I took myself out for a little adventure today.
Bundled against the chill, pounding the pavement on fresh wet snow, I navigated to Front Street for a $5 movie at the Rainbow and a bite to eat.
I was battling the Mean Reds.
I have my own Tiffany’s. The Rooftop Patio at The Park Hyatt. I buy myself a Corona and sit on the patio. I eat fancy complimentary nut & olive combinations and look out over the city. See the city. The huge expanse of buildings and people and whatever is overwhelming me doesn’t seem so suffocating.
But I wasn’t looking for a drink or a seat in the wet snow. So I decided to go to a movie.
As I got to Front Street, my hunger was building as the coffee I’d chugged during my morning meeting had done wonders to keep my eyes open but little to ease my grumbling stomach.
I find myself at a French bistro, lured in by a sandwich board advertising Mussels & Frites. I was obviously the first customer of the day, so I was given a prime seat in the window, perfect for my joy of people watching and general nosiness.
My lunch arrived within minutes and it was just what the doctor ordered. The server had asked me where I was from earlier, and my response that I was from Newfoundland prompted him to tell the chef that he’d better make the Mussels extra delicious for his East Coast customer. And they were lovely.
I saw a man entering the restaurant. An older gentleman in a heavy black coat who slowly removed his gloves and hat before engaging the hostess. I’d figured that he was treating himself to lunch, too. Maybe he was also going to the movies. Maybe we were going to have a date. Maybe we’d start talking and he would become my surrogate Grandfather.
I had never met my Grandfathers.
He had actually come to the restaurant to make reservations.
“I’d like to take my wife here tonight for dinner. 7 pm.”
The Hostess asked his name, he replied, she wrote down his name and bid adieu.
It may seem like a simple event, but I was enchanted by him. The idea of going to the restaurant in person and organizing his evening. His treat. His date with his wife. Most people call or email or tweet. Maybe he works upstairs or lives next door and he was really just being convenient and not romantic at all. But something about him making reservations in person, and the announcement of taking his wife out to a French Bistro on a Tuesday night… It just took me right aback.
For a moment I fell in love with the old man in the black coat.
He slowly put back on his gloves and pulled on his hat. He went back out into the world, walking down the street in the wet snow.
Maybe he was going to buy his wife some flowers. Thats what I think he was going to do next.
I finished my lunch and paid my bill, and soon I too was thrust back out into the busy city streets.
I made my way to the Rainbow and was surprised at how many people were there. Not hoards of people, but a fine sampling of all walks of life. The doors were yet to open and we stood outside in anticipation. There were a few couples who made pleasantries. I think they must be $5 Tuesday regulars. There was a group that I assume were from a group home or a movie club. They got their tickets one by one, as the group leader ticked their names off the list. I got my ticket and followed the group down the stairs to the theatre. They were excited. I was excited too. The Mean Reds had transitioned to an Aimless Orange, and although I still felt a little lost, I felt like I’d found the perfect place to rest my bones.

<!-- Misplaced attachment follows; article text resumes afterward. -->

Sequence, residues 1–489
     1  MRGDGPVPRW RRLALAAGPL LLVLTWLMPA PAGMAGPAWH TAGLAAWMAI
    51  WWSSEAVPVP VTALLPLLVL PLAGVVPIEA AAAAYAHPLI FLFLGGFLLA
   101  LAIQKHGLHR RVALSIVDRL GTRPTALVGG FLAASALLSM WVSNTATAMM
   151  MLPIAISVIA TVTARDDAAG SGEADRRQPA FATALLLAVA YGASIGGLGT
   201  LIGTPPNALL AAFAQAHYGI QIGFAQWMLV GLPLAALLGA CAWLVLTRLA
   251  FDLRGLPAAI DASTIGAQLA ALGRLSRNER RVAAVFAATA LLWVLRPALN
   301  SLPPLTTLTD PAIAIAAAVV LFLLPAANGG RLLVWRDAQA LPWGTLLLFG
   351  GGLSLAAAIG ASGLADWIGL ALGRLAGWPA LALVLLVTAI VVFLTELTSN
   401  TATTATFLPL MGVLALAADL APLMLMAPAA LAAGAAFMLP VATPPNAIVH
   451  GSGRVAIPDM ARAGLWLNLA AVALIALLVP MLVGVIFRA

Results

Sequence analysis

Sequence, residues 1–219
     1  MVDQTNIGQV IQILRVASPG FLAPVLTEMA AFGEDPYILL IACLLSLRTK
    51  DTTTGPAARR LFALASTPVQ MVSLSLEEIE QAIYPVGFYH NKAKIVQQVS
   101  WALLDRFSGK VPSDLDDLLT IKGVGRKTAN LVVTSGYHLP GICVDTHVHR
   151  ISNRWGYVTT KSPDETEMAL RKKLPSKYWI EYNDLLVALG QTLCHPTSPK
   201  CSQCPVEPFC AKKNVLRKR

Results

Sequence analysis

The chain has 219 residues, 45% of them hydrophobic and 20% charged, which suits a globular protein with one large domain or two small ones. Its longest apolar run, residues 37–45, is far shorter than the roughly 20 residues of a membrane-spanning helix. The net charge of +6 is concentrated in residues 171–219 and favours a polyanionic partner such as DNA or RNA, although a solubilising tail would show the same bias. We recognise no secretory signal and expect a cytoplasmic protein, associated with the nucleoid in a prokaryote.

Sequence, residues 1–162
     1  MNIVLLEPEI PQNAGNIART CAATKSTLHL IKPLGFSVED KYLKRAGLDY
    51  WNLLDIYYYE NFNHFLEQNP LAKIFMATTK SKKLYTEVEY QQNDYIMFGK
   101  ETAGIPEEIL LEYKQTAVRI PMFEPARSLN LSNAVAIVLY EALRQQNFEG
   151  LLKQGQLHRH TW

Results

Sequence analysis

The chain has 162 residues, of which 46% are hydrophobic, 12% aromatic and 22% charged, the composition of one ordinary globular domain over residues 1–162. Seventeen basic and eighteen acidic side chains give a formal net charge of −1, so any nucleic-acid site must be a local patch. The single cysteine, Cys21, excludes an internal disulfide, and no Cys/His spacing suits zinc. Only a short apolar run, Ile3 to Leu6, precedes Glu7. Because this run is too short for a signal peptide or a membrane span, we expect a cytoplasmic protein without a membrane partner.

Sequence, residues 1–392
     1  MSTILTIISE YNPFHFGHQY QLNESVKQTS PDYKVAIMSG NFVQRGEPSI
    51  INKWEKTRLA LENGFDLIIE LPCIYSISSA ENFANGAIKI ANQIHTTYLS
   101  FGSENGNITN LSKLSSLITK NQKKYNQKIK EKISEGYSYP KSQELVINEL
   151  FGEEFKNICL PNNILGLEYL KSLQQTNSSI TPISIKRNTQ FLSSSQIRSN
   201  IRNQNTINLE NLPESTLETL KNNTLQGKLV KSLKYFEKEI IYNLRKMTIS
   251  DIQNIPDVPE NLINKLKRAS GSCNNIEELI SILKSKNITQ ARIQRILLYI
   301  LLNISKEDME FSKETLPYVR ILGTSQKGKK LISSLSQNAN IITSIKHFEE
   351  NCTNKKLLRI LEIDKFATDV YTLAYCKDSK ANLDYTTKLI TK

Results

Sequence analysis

I sat alone in the theatre for a long time. I guess my Grandfather wasn’t coming. I read the Metro and ate 3/4 of my popcorn before the previews rolled, which is what inevitably happens when I go to the movies.
I really love popcorn.
And I really loved the movie. Silver Linings Playbook. I thought it was a beautiful and perfect movie for an Aimless Orange day. It made me want to call my parents and tell them that I love them. It made me want to tell my sisters how proud I am of them. It made me want to hug a stranger and look everyone in the eye for one second longer than what is comfortable.
That is sometimes my favorite thing to do.
The usher came in to clean the room as I was leaving.
“Did you like the movie?” He asked.
“I did. I really, really did.” I replied.
I guess he’d sat and watched. I would like to think he did. Maybe we had been on a date and neither of us knew until that moment. I am glad we both had fun. I gathered my stuff and left.
It was time to go.
My walk to the subway was slow and calm. I was covered in calm. The snow had stopped and the air seemed warmer. The sky seemed so bright after a few hours in the dark and I’d realized I’d made it to Mellow Yellow.
My calm carried me through the packed subway station, onto the futuristic Yonge car, around the frantic mini mall and onto my empty streetcar.
A tall man came on the car. He was handsome and blonde. And listening to his earphones and wearing a casual jacket. A casual jacket on a cold, wet day. But he looked comfortable and warm. As he passed me, I caught his eye. And I held it for a second too long. With a start, I turned my head way. And then I couldn’t look back. He was behind me and I wanted to but I couldn’t. Even as I was waiting to get off, and I was right in front of him, I knew I couldn’t look at him because I would probably fall in love with him. Right then and there. I may have already fallen in love with him.
Maybe thats why people are so afraid to look someone straight in the eye.
I got off the car. When I glanced back, I saw that he had too. I became warm, too warm on the cold day that had become warm, warmer than that, and I ran across the street. When I glanced back, he was gone.
I wasn’t intending on falling in love so many times today.
What a strange beautiful day.